Do-It-Yourself realtime DGPS

dgps     

The earth ionosphere leads to reflections of the satellite signal, and that changes (increases) the time-of-flight (ToF) of the signal leading to error-prone distances (wrong measurements) at the GPS receiver.
The solution to this problem is relative measurement (differential GPS): measuring time-of-flight at a 1st near-by static GPS receiver (the ‘station’) and then using the time difference of the 2nd GPS receiver (the ‘rover’) measured time-of-flight to compute the relative distance to the static receiver (see above triangle).

dgps_top

Requires:

  • 2x RAW output capable GPS receivers
    example:

    • SkyTraq NS-HP (S2525F8-RTK,  update rate 1 Hz, can even run RTK without RTKLIB software simply by sending GPS receiver 1 RAW output to GPS receiver 2 RAW input! – around 50 EUR)
      dgps     ns_hp_rtk  ns_hp_xbee_pro  zigbee_pro
    • SkyTraq 1315F RAW (update rate 20 Hz –  eval kit around 100 EUR)
    • UBlox LEA4T (update rate 10 Hz –  ready module around 30 EUR)
  • 2x active GPS antennas (example: Tallysman TW2710, TW3440, Sokkia GSR1700 CSX, Trimble Bullet III 3.3V – on the roof, a simple patch antenna can work as well)
  • Wireless infrastructure (Wifi, XBee, Zigbee, GSM, …)
  • RTKLIB

raw_gps

GPS signal:

  • ordinary GPS receivers use C/A code to measure position – a C/A code chip is roughly 300 meters
  • RAW receivers can count carrier cycles – each carrier cycle has a wave length of 19cm

The RAW GPS signal contains for each ranging measurement:

  • Pseudo random noise code number (PRN code)
  • Distance in meters (aka pseudorange)
  • Accumulated carrier (number of L1 cycles)   [ signal phase? ]
  • Doppler frequency (Hz)

1. Find the base station position (Lat/Lon/Height)
Measure position for 12-24 hours and write down the final position – RTKNAVI options:

  • Input streams:
    Rover: Choose port and baud rate
    Station: none
  • Settings 1:
    Positioning Mode: PPPstatic
    rtklib_ppp

2. Compute precise rover position using realtime DGPS
RTKNAVI options:

  • Input streams (both Rover and Base Station):
    Serial: Choose port and baud rate
    Cmd: Choose load -> rtklib_2.4.2/data/skytraq_raw_20hz.cmd   (file will set SkyTraq receiver to 20 Hz)
  • Settings 1:
    Positioning Mode: Kinematic
    Elevation Mask / SNR Mask: 35
  • Settings 2:
    Min Ratio to Fix Ambiguity: 1.0
  • Positions:
    Base Station: Enter your base station position (Lat/Lon/Height)

Checklist for good results:

  • always check RTKLIB ‘Error/Warning’ window
  • SNR should be around 50
  • antennas should have a ground plate (70cm x 70cm)
  • test using sky view (no buildings)

Screenshots:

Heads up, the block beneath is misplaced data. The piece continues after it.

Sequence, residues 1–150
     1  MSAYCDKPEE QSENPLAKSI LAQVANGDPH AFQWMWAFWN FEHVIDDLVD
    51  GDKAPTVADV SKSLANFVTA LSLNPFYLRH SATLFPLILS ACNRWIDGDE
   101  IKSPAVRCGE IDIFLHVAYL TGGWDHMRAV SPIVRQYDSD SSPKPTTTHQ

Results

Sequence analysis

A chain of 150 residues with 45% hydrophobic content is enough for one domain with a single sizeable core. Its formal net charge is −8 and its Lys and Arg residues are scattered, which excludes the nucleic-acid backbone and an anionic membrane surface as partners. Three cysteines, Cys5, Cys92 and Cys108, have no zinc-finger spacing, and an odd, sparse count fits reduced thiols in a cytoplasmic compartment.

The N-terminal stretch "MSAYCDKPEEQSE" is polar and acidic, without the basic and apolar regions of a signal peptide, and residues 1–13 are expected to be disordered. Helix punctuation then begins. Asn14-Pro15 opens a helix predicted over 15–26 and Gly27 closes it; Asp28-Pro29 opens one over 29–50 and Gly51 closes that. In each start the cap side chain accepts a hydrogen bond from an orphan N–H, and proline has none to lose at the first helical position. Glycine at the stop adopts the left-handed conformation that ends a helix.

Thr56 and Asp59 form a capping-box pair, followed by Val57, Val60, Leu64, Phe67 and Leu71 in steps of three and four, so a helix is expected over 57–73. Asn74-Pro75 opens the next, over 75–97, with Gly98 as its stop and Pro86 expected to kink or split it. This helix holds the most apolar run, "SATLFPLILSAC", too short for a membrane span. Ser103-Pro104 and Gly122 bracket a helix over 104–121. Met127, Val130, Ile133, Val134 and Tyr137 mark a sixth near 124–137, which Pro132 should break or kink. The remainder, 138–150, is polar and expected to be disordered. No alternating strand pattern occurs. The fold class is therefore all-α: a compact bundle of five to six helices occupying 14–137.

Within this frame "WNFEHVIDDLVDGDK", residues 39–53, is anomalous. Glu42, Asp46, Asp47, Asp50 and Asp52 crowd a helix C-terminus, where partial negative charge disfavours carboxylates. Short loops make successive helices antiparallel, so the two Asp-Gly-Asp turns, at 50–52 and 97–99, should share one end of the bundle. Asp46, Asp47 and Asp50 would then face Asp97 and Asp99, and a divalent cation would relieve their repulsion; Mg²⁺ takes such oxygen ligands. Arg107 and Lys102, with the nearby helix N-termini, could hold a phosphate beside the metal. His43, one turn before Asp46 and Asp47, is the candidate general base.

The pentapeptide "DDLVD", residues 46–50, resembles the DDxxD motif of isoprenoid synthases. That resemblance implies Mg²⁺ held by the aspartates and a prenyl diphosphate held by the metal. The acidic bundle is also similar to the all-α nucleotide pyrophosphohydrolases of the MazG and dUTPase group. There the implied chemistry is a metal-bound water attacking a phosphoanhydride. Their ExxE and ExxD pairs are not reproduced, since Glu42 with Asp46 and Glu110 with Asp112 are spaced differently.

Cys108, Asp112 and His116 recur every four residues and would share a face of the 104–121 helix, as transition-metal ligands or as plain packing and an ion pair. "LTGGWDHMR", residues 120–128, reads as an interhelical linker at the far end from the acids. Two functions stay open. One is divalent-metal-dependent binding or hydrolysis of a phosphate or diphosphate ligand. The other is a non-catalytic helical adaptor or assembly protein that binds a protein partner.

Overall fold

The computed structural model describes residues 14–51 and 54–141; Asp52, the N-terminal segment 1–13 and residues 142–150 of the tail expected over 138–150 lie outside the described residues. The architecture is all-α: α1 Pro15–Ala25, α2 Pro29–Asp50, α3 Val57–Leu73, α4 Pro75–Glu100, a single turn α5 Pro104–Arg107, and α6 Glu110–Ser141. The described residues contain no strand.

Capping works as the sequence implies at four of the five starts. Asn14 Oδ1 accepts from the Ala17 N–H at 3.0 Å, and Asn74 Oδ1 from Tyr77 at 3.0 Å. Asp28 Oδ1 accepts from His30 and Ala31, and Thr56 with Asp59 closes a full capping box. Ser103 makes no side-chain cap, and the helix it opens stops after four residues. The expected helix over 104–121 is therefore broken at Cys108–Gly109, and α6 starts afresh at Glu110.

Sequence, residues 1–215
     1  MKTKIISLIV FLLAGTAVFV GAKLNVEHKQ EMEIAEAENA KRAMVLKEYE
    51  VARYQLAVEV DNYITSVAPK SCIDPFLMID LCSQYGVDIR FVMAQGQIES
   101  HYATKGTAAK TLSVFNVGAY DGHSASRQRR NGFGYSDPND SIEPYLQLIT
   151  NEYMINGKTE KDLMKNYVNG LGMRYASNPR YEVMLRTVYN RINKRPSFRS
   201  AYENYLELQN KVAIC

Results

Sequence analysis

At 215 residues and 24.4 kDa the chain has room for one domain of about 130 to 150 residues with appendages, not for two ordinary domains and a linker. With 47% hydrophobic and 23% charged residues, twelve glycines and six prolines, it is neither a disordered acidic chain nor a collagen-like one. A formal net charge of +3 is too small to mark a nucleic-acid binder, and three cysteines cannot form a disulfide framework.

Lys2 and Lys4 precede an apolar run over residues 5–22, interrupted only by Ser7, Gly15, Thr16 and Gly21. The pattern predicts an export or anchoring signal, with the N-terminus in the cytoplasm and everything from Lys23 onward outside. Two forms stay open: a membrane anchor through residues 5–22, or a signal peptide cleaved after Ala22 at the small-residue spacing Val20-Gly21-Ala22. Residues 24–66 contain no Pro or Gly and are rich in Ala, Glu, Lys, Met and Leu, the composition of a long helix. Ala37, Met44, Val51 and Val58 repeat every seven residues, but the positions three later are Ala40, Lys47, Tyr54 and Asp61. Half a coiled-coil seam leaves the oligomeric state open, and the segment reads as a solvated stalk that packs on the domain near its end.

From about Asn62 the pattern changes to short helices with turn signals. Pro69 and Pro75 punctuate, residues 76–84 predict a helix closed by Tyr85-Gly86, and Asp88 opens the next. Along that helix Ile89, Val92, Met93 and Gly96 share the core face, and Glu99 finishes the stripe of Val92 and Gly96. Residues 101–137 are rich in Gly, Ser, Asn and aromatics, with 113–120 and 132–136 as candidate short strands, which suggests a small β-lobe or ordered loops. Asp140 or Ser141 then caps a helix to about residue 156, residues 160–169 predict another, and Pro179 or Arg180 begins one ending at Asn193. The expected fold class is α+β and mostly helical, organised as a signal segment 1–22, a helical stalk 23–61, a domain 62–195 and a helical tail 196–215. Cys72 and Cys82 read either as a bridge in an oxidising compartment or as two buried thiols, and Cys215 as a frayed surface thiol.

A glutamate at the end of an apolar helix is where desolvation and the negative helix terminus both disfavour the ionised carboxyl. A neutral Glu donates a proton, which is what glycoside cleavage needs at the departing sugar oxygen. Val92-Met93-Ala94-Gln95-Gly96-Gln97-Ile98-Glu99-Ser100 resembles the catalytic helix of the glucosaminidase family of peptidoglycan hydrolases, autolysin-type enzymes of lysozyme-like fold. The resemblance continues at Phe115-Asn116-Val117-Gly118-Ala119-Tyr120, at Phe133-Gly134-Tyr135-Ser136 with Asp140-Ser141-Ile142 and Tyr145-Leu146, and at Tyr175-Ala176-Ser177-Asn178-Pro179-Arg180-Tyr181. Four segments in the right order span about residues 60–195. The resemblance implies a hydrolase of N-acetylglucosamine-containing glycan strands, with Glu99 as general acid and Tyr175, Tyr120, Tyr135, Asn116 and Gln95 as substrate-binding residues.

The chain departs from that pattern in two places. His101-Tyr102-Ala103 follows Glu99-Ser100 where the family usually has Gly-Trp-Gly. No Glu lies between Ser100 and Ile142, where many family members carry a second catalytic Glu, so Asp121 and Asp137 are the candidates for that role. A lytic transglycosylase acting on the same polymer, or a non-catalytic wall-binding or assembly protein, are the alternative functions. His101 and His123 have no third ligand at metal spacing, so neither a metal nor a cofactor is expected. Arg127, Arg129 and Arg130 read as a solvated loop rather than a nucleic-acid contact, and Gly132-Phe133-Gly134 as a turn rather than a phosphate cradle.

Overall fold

static 10 minutes test (‘rover’ GPS not moving)
rtklib

3. Garden test (‘rover’ moving in a 20cm rectangle pattern)

Patched RTKLIB
dgps_session

dgps_screenshot

4. Set-up your own RTCM base station
Some low-cost receivers (e.g. ublox 4/5/6/7/8) support DGPS input (RTCM protocol). Can you use RTKLIB to setup your own RTCM base station? Please let me know…

5. Set-up low-cost GPS receiver to receive DGPS signal (RTCM protocol)
Some low-cost receivers (e.g. ublox 4/5/6/7/8) support DGPS input (RTCM protocol). ublox receivers support RTCM 2.3 (message types 1,2,3,9).
This allows you to send DGPS signal to your low-cost GPS receiver:
5.1 Install ‘Serial Splitter’ (Eltima) to split 1x COM port into 2x COM ports
5.2 Run ‘STRSVR.exe‘ (RTKLIB) and choose:

  • Input: NTRIP Client (enter server, port, mountpoint, user-id, password)
  • Output: Choose 1st serial port (and baud)
    Optionally: Activate convertersion (RTCM protocol version)
    Press ‘Start’. Now your GPS-receiver will receive DGPS data.

5.3 Run ublox u-Center and connect to your GPS receiver via 2nd serial port:

  • Now your GPS receiver should output DGPS data:

comsplit

Further information

RTCM message examples (typical NTRIP messages and what messages typical receivers understand):

Bochum (RTCM2) sends: 1,18,19
[1]: corrections without phase
18: phases observations
19: distance observations

and ublox6 understands (RTCM2): 1,2,3,9
[1]: corrections without phase
2: delta-corrections without phase
3: reference station parameters
9: corrections without phase (partial)
—-

Dresden/Helgoland (RTCM3) sends: 1004,1006,1008,1012,1033
[1004]: observations incl. phase and SNR (L1+L2)
[1006]: reference station position and height
1008: antenna type
1012: GLONASS observations incl. phase and SNR
1033: antenna type

and Skytraq S2525F8-RT understands (RTCM3):
1002: observations incl. phase (only L1)
[1004]: observations incl. phase and SNR (L1+L2)
1005: reference station position
[1006]: reference station position and height

9 thoughts on “Do-It-Yourself realtime DGPS”

  1. Mr. Grau,

    I am thinking to reproduce your test for this DGPS with minimum cost and apply the localization to the robot mower. I still think probably this is the better way than others such as you tested: LiDAR, Radio frequecy beacons, outdoor slam etc.

    Is the antenna on your roof “a simple patch antenna” in your pictures?

    I am located in the US, will the same RAW output capable GPS receivers (I am thinking to get the SkyTraq NS-HP too) ?

    What would be your most preferable way to remove the Perimeter Wire? DGPS, LiDAR, Radio Frequency beacons or outdoor slam by RGB-D cameras?

    Thanks
    Jack

    1. Hello Jack,